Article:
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UK School Injury Claims

In the UK, school injury claims enable you to claim compensation for an injury sustained on school premises if you – as a teacher or visitor – sustains an injury due to the negligence of the school, or if your child suffers an injury in an accident for which they were not to blame. School injury claims for compensation should be made with the assistance of an experienced school injury claims solicitor to ensure you or your child receive the maximum entitlement to compensation and, if you would like to find out more about making school injury claims in the UK, you are invited to call our freephone helpline and speak directly with a solicitor experienced in making school injury compensation claims.

Essex School Fined for Maintenance Worker´s Fall from Height

August 11, 2016

An Essex school has been fined £40,000 and ordered to pay £1,477 costs for a maintenance worker´s fall from height at a hearing of Chelmsford Crown Court.

Keith Chandler (63) was a member of a maintenance team restoring the Grade II listed Newnum House when, on February 17th2015, he fell 2.6 metres from the roof of a bay window he was helping to repair. As a result of the maintenance worker´s fall from height. Keith suffered five damaged vertebrae a bruised kidney and a hairline fracture of his shoulder.

Despite being able to return to work within six weeks, Keith is still unable to climb ladders or lift heavy loads eighteen months after his maintenance worker´s fall from height. The accident has also had an impact on his personal live. The pain Keith experiences in his back prevents him from enjoying his leisure time playing with his grandchildren.

An investigation into the maintenance worker´s fall from height was launched by the Health and Safety Executive (HSE). Inspectors found that Keith´s employers – the Brentwood School in Essex, on whose grounds the listed building is located – had breached Regulation 4(1) of the Work at Height Regulations 2005 by failing to conduct a risk assessment or install guardrails.

The HSE prosecuted the Brentwood School´s trust – the Brentwood School Charitable Incorporated Organisation – and a hearing to hear the charges was held this week at the Chelmsford Crown Court before Judge Charles Gratwicke.

At the hearing, Judge Gratwicke was told that although health and safety policies existed, they were rarely enforced. The school´s former maintenance manager – Anthony Bridger – told the judge that the policies were difficult to enforce because the maintenance team consisted of tradesmen who were “old school and just wanted to get on with the job in the easiest way”.

Representatives of the Brentwood School acknowledged that the work was not closely supervised and admitted liability for the maintenance worker´s fall from height. Judge Gratwicke fined the school £40,000 and ordered it pay £1,477 costs – commenting that the outcome could have been much more serious if Keith had landed on his head when he fell.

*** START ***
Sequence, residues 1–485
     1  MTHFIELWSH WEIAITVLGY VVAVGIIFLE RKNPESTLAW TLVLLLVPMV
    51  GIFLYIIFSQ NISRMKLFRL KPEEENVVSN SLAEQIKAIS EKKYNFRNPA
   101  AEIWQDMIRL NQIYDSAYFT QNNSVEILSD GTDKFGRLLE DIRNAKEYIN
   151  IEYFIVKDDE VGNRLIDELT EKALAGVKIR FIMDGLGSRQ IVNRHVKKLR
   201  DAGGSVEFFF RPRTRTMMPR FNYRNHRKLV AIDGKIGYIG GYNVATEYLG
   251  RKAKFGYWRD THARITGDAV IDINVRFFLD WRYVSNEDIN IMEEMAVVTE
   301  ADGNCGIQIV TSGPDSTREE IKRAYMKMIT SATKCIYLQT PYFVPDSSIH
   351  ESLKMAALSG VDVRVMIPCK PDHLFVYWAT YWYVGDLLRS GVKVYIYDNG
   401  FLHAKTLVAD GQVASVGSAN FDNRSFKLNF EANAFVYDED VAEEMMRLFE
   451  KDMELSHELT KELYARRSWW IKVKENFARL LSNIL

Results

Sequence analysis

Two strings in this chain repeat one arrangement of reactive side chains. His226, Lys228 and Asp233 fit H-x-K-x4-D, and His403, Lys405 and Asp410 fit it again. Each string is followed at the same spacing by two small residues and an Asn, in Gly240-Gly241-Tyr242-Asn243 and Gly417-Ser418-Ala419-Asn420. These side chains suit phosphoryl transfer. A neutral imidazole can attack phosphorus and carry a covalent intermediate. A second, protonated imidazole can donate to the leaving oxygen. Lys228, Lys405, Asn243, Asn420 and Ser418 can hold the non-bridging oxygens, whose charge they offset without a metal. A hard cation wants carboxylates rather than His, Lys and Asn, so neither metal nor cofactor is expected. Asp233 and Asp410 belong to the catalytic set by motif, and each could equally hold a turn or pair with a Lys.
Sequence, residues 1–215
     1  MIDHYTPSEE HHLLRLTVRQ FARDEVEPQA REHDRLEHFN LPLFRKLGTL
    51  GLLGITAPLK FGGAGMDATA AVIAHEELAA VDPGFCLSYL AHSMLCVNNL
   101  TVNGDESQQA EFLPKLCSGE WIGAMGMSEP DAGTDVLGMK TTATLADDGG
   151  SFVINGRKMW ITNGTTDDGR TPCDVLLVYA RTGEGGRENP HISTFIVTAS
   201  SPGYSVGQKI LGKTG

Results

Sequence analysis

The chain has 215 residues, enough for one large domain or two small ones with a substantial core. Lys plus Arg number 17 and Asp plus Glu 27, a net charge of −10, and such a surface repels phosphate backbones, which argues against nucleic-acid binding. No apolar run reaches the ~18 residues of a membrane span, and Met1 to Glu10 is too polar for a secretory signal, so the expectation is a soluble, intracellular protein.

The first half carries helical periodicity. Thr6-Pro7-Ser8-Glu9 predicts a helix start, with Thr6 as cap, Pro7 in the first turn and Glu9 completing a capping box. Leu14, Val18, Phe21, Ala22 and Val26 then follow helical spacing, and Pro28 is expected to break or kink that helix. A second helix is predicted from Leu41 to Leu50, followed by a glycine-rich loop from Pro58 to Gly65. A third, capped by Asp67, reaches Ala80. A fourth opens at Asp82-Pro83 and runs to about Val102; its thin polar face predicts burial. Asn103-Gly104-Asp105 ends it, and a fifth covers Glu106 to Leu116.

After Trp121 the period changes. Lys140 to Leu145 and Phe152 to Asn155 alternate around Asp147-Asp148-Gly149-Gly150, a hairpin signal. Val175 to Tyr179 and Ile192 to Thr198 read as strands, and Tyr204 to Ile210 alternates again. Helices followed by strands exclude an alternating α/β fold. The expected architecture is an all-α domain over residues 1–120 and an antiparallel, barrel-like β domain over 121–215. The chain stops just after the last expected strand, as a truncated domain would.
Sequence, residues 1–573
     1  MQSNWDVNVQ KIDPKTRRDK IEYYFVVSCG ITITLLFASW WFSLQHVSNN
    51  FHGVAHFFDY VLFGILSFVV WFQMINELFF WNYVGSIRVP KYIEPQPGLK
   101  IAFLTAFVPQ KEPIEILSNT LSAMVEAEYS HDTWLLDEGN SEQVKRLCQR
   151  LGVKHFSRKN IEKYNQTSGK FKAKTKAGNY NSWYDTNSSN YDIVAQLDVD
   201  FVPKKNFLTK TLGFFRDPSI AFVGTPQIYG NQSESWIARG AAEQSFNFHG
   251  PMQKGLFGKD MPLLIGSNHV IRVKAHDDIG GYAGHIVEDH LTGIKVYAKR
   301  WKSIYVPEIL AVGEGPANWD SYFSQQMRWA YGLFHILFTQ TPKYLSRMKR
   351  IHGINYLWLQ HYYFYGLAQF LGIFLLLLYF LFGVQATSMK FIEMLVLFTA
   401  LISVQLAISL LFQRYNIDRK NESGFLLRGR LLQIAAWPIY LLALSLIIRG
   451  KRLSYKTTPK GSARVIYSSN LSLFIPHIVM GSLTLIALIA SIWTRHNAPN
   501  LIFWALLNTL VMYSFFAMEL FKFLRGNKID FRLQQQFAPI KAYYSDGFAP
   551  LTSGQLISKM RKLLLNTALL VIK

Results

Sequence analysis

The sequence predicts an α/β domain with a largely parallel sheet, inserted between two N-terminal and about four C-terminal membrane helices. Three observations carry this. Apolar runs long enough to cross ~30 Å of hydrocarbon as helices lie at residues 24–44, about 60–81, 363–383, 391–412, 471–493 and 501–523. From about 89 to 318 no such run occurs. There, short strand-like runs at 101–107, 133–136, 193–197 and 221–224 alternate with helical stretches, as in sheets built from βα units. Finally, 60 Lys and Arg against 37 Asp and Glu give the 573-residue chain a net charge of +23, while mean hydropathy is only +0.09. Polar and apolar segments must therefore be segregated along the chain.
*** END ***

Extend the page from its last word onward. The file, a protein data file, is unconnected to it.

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Family Successful in Swimming Pool Injury Compensation Claim

February 20, 2015

A family from Basildon in Essex is celebrating the success of a swimming pool injury compensation claim that has taken almost fifteen years to resolve.

In 2000, Annie Woodland (now 24) attended the Whitmore Junior School in Basildon as a ten-year-old schoolgirl. Swimming lessons were included as part of the school´s curriculum but, when Annie took part in a lesson at the nearby Gloucester Park Pool, she got into difficulties and nearly drowned.

Annie was pulled from the pool and resuscitated, but she suffered brain damage due to a lack of oxygen and has since suffered from learning difficulties.

Annie´s father – Ian – made a swimming pool injury compensation claim against Essex County Council alleging that swimming teacher Paula Burlinson and the lifeguard on duty Deborah Maxwell had been negligent in the care of his daughter and that the education authority was vicariously liable.

Essex County Council denied it was responsible for Annie´s swimming pool injury and, in 2011, the High Court ruled in the council´s favour. Ian appealed the decision, and took the swimming pool injury compensation claim to the Court of Appeal.

At the Court of Appeal, Lord Justice Tomlinson said that finding in Annie´s favour would have “a chilling effect on the willingness of education authorities to provide valuable experiences for their pupils”, and he upheld the High Court´s verdict.

Ian continued his battle for compensation and, in 2012, was successful in his appeal to the Supreme Court – Lord Sumption finding that Essex County Council had a non-delegable duty of care “in the capacity of loco parentis”.

However, the breach in Essex County Council´s duty of care still had to be established, and the case returned to the High Court where Mr Justice Blake was told the circumstances of Annie´s swimming pool accident and the alleged negligence of swimming teacher Paula Burlinson and lifeguard Deborah Maxwell.

Judge Blake found that the two defendants were negligent in their duty of care towards Annie. He said that Paula Burlinson´s failure to notice Annie´s distress “fell below the standard of care reasonably to be reasonably expected of a teacher”, and that Deborah Maxwell “was not paying sufficient attention to users in the water”.

Mr Justice Blake adjourned the swimming pool injury compensation claim in order that an assessment of Annie´s future needs can be carried out. When the assessment is completed, the judge will determine how much compensation for a swimming pool injury Annie will be entitled to receive.

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£180,000 Paid in Compensation for Teacher Accidents in Scottish Schools

December 29, 2014